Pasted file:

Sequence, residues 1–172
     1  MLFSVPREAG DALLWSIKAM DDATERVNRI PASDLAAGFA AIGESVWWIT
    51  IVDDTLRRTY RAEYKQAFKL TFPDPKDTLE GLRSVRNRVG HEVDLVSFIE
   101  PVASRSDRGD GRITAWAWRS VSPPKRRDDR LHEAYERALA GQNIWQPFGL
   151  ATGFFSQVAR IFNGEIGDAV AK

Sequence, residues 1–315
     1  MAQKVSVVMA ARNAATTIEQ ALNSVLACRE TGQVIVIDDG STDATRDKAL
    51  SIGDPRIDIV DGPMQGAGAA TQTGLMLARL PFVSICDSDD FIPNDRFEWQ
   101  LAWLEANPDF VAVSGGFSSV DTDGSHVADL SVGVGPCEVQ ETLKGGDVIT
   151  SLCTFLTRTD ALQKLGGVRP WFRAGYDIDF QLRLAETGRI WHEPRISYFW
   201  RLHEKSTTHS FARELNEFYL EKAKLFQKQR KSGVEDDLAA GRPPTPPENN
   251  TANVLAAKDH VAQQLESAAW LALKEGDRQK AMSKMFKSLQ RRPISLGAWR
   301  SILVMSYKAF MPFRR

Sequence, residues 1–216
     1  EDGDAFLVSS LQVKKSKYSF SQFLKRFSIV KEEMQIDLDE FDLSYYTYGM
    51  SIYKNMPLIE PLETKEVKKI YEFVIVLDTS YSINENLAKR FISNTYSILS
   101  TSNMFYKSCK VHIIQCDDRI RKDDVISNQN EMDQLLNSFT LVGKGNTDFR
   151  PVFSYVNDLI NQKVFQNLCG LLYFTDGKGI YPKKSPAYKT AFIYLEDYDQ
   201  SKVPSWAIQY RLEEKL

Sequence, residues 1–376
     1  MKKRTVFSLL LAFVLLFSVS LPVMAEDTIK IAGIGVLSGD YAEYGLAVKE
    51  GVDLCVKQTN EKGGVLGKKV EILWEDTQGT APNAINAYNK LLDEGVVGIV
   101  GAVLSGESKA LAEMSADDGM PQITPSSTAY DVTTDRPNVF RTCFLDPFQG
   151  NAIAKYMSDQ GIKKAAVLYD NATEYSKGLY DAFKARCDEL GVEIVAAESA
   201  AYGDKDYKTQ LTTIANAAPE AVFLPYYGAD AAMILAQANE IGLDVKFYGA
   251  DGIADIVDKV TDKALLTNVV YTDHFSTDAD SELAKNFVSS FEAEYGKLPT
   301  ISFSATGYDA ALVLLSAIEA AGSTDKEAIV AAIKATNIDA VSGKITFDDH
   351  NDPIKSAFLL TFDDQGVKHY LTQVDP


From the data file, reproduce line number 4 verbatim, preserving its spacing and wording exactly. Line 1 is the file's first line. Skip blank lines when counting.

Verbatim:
   101  PVASRSDRGD GRITAWAWRS VSPPKRRDDR LHEAYERALA GQNIWQPFGL